Posted by on October 6, 2008 in Entertainment, Movies, Review


10 responses to “Drona the Drone

  1. Orange Jammies

    October 6, 2008 at 3:51 pm

    And I thought my dad was the only surviving human being who knew who Sad Sack is.
    Thanks for the fabulous review. I owe you 250 bucks. (err, not greenbacks, thankfully. whew!)

  2. Chevalier

    October 6, 2008 at 4:20 pm

    Great review…..I wish you’d talked about (A) how slowly the story seemed to progress, and why everyone was TELLING me stuff instead of SHOWING me the story in the first half, (B) that Drona doesnt really do anything to be drona – he just IS. Which is contrary to the whole ‘hero’ myth where the hero actually has to work damn hard at growing into the hero role, not just swim across a make-believe underwater pond. (C) his ‘life-long protectors’ all just die in a few seconds; Babuji wasn’t too smart about picking the right folks to protect the Drone. and yes, can’t say (D) often enough: what’s with all the uber-silly, useless women characters who wail and flail and don’t do anything?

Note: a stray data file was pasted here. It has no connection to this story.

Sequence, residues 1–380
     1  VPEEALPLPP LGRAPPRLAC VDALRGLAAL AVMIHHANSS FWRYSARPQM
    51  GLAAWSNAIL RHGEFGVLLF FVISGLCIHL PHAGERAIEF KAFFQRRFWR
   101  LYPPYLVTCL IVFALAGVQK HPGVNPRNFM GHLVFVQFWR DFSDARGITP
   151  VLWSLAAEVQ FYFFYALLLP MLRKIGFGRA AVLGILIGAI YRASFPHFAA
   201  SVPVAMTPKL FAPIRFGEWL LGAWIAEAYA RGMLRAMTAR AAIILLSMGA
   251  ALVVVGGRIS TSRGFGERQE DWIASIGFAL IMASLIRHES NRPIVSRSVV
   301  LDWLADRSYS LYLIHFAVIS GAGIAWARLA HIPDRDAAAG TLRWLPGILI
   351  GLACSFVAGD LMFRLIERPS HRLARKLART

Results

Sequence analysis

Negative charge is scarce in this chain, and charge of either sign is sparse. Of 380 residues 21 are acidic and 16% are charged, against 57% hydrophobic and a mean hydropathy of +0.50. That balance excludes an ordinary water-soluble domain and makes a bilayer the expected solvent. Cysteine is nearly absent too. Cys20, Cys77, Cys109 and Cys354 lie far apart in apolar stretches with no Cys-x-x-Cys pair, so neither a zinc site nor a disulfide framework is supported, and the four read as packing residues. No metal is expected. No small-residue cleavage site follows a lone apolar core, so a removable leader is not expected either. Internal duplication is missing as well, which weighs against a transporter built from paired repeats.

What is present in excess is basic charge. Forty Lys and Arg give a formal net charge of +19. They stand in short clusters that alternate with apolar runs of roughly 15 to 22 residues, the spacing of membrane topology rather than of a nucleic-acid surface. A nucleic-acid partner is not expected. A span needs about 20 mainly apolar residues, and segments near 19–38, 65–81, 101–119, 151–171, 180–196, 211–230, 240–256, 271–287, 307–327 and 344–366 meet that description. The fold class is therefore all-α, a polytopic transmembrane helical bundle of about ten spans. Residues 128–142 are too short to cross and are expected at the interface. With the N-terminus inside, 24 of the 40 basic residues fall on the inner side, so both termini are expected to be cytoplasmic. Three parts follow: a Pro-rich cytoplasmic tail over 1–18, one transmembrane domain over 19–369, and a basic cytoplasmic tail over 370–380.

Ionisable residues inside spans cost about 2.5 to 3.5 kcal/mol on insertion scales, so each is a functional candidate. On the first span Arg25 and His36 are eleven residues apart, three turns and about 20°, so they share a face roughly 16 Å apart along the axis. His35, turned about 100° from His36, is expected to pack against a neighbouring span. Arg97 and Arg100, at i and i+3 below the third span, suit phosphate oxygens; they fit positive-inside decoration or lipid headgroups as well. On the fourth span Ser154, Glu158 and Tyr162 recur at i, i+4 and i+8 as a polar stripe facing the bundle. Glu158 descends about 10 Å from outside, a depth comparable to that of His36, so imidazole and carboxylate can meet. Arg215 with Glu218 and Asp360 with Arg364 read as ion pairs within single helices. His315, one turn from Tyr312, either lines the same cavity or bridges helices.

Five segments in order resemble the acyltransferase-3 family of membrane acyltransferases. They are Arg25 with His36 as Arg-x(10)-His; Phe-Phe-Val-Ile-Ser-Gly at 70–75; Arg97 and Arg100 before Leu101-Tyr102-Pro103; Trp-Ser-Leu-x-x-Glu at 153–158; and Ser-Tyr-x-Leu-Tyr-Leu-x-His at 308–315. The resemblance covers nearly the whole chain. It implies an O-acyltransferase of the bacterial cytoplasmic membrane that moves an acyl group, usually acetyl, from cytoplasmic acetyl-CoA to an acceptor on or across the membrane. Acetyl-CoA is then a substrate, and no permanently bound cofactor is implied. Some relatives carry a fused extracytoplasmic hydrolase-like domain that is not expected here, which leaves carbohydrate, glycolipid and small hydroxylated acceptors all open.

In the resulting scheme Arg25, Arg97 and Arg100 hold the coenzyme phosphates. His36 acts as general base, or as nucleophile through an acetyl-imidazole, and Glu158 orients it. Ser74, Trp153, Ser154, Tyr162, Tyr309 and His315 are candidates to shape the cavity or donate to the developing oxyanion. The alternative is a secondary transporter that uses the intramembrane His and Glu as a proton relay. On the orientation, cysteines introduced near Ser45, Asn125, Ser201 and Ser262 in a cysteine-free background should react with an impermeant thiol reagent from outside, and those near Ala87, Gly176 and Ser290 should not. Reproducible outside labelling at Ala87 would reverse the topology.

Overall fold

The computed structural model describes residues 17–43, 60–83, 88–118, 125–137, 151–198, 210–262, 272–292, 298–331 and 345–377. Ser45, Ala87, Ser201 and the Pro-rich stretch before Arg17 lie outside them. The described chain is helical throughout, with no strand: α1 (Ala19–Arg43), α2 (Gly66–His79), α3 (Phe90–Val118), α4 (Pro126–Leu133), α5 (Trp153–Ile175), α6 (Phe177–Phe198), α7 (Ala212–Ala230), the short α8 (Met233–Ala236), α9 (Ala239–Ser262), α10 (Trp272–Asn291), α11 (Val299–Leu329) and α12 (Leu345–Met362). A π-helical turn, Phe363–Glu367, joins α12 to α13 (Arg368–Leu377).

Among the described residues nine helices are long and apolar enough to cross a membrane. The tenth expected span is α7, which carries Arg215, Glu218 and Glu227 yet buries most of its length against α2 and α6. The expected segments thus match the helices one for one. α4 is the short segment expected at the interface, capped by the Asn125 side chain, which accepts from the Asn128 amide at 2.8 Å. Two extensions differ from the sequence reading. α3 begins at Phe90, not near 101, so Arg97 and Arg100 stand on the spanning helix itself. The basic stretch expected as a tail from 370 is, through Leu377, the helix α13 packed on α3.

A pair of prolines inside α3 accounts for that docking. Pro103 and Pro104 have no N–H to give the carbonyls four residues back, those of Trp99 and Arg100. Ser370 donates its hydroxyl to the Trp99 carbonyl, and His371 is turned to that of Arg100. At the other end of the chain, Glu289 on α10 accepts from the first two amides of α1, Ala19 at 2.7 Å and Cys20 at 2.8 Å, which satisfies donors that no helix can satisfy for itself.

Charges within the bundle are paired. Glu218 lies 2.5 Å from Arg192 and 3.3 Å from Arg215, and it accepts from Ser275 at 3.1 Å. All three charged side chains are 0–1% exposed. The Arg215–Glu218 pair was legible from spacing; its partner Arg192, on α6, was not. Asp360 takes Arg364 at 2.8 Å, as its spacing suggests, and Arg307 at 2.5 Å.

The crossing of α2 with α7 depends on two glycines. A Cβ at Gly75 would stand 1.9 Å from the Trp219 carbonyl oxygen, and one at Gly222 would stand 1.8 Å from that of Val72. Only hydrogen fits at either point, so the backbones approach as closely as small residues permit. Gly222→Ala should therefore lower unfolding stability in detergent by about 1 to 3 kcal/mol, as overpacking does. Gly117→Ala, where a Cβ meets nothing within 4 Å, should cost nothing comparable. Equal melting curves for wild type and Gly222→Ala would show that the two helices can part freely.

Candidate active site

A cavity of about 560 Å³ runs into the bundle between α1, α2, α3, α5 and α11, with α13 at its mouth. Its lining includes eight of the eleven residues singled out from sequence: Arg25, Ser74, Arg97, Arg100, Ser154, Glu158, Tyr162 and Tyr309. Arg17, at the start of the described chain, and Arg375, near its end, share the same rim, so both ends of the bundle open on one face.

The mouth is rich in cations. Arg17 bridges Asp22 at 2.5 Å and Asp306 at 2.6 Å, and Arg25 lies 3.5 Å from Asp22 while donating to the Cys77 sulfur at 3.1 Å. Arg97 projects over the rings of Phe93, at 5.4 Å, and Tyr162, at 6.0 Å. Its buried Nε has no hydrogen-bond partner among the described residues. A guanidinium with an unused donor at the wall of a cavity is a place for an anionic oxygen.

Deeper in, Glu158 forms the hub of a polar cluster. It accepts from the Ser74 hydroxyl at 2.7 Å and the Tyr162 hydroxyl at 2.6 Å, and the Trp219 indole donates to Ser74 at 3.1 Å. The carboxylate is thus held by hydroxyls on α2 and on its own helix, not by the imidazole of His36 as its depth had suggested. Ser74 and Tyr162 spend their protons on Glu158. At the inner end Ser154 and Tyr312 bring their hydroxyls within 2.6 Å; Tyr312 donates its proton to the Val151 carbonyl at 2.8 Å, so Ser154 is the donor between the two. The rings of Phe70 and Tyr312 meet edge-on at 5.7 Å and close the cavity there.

But I can imagine no review for such a movie could capture everything that sucks about it so badly – so thanks for even attempting to write a review.

    When even Kay Kay Menon has done a BAD job, you know the director should be banned from making any more movies….

  3. pitu

    October 6, 2008 at 4:41 pm

    HAHAHA Jaya Bachchan as the Anti-Ahilya 😀 I love it! If I was the director, I would turn her into stone, then have a dream sequence where Amit-Rekha sing Dekha ek khwab and one precious lil tear rolls down the stony Jaya’s cheek :-p

  4. sachita

    October 7, 2008 at 12:57 am

    “In fact, I’m bored just remembering it long enough to write this post”.:)